This is the recipe - and cooking technique - that will change minds about Brussels sprouts. At Thanksgiving dinner it won over my girlfriend's mother, who previously insisted that the mini cabbage-like vegetable was gross. A short roast in the oven beautifully caramelizes the sprouts while locking in flavor and nutrition - unlike boiling, or even steaming. You don't want to miss out on the multitude of vitamins here. I also find that with roasting they're less likely to turn to mush and bring back unpleasant childhood vegetable memories.
Farmers sell Brussels sprouts either right on the stalk - which is kind of fun to take home - or already sliced off. Either way, you'll want to give them a trim off the bottom and if they look like they need it, a peeling of the outer layers. A quick rinse isn't a bad idea either. Personally, when I'm just making these at home, I don't go too crazy with cleaning and trimming. Do what makes sense to you.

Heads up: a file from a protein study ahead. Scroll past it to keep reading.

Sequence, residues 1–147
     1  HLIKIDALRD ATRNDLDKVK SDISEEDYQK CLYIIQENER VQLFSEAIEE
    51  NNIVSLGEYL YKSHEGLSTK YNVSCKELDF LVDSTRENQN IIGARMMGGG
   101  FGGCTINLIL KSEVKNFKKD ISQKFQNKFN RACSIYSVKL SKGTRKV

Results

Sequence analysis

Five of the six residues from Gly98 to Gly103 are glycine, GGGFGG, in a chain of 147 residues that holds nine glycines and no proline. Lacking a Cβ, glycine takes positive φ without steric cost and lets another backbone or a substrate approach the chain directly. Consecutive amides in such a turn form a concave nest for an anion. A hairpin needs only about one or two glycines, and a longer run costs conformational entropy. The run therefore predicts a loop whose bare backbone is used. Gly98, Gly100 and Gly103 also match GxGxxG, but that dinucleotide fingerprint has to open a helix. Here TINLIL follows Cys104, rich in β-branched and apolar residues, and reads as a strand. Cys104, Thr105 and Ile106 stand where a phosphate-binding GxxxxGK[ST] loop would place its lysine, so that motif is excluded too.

What really makes this dish work though is that it has all five of the basic tastes at work. Sourness from the vinegar, sweetness from the sugar, umami from the Worcestershire, saltiness from the soy sauce and bitterness from the sprouts themselves.
A good flavor profile and a smart cooking technique will help make just about anything taste great. Try these sprouts as a side at your next holiday dinner.